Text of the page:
3/5 NYC Event: The Man Makes the Clothes: Pierre Cardin in Film

image001You can’t go wrong with the classics…. Especially when it comes to the costumes.  And if your anything like me and love fashion and everything french then your in luck!  Starting tomorrow, Tuesday March 5th the French Institute Alliance Française (FIAF), presents the CinémaTuesdays film series The Man Makes the Clothes: Pierre Cardin in Film, a tribute to the pioneering Italian-born French designer that examines his contribution to some of the greatest French films of the post-war era.

Over the course of his seven-decade-long career, Pierre Cardin revolutionized women’s fashion, introducing an avant-garde, space-age design aesthetic that would become emblematic of an era. He brought Western fashions to Japan and China, and became the first designer to incorporate his logo into garments and license his brand. Cardin also applied his talent and passion for the arts to creating costumes for more than a dozen films and television programs. He worked with many of the greatest directors of the 20th century, including Orson Welles, Vittorio de Sica, Jean Cocteau, Louis Malle, and Joseph Losey, as well as iconic leading ladies Elizabeth Taylor, Brigitte Bardot, Jane Fonda, Mia Farrow, and Jeanne Moreau, who would become his companion.

I know I’ll be trying to get to these.  See below and mark your calendars from the CinémaTuesdays film series line up. Nnd click HERE for more information…

Beauty and the Beast (La Belle et la Bête)

Tuesday, March 5 at 12:30, 4 & 7:30pm

Directed by Jean Cocteau, 1946. B&W. 96 min.

With Josette Day, Jean Marais, Michel Auclair

Cocteau’s second feature as director remains a fantastical, sumptuous viewing experience with few peers in cinema. Heightened by lavish costumes that an unaccredited Cardin worked on, this is a spirited adaptation of the centuries-old French fairytale of a man who sacrifices his youngest daughter to appease a mystical beast and the curious courtship that follows.

“One of the most magical of all films… a fantasy alive with trick shots and astonishing effects, giving us a Beast who is lonely like a man and misunderstood like an animal.”—Roger Ebert, Chicago Sun-Times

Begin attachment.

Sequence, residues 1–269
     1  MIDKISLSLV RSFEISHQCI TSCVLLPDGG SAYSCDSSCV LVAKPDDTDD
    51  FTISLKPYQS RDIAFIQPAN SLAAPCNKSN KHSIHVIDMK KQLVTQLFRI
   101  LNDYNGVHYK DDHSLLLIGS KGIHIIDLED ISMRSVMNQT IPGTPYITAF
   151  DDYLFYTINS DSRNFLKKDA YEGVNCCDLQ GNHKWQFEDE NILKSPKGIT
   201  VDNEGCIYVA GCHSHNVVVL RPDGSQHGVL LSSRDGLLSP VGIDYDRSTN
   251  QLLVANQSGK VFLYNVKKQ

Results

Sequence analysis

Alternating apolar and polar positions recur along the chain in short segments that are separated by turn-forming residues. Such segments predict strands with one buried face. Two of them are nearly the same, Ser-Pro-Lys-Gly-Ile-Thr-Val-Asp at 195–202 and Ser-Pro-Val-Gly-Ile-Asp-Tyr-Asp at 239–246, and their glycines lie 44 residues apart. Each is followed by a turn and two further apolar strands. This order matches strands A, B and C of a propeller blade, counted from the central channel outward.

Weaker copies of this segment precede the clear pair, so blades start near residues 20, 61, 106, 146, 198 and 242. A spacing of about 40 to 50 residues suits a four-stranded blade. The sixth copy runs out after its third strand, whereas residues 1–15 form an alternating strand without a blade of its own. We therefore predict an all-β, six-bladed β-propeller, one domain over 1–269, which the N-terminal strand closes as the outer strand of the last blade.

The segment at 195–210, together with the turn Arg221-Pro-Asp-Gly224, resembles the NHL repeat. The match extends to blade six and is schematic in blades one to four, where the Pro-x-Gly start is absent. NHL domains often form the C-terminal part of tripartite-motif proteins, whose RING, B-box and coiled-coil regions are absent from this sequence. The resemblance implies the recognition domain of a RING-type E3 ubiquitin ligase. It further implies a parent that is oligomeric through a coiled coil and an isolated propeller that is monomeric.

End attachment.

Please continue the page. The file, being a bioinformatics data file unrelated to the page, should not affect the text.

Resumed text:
“Studied or not for philosophy, this is a sensuously fascinating film, a fanciful poem in movement given full articulation on the screen.”—The New York Times

Presented as part of FIAF’s First Tuesdays. See fiaf.org/tuesday for info.


Viva Maria!

Tuesday, March 12 at 12:30, 4 & 7:30pm

Directed by Louis Malle, 1965. Color and B&W. 120 min.

With Brigitte Bardot, Jeanne Moreau, Paulette Dubost   

In Tinker Auditorium

Malle mines the frenzy of political upheaval for thrills, comedy, and a flirtatious sense of adventure with two of European cinema’s most alluring stars. Bardot and Moreau are two Marias—one sings, the other dances—who unexpectedly become catalysts of a socialist revolution in Central America. Witty and appealingly delirious.

“B.B. in her best form since And God Created Womanand brilliantly matched by Jeanne Moreau. They are backed by a rollicking, comic adventure opus impeccably brought off by director Louis Malle.”—Variety


Tuesday, March 19 at 12:30, 4 & 7:30pm

Directed by Joseph Losey, 1962. B&W. 116 min. 

With Jeanne Moreau, Stanley Baker, Virna Lisi

In a body of work filled with femmes fatales, Losey arguably reached a peak with Eva, his collaboration with Jeanne Moreau examining a prostitute’s entrapment of a Welsh author (Baker). Cardin’s costume design for Moreau fundamentally informs her character, as Eva’s appearance often reveals more than the words she speaks.


Princess of Clèves (La Princesse de Clèves)

Tuesday, March 26 at 12:30, 4 & 7:40pm

Jean Delannoy, 1961. Color. 101 min. 

With Jean Marais, Marina Vlady, Jean-François Poron

Adapted by Jean Cocteau and released during the ascension of the nouvelle vague, this opulent costume drama set in 16th-century France was unjustly dismissed. Seeing the film now, its themes of tradition, loyalty, and forbidden love resonate as timeless, and its production and costume design remain undeniably elegant.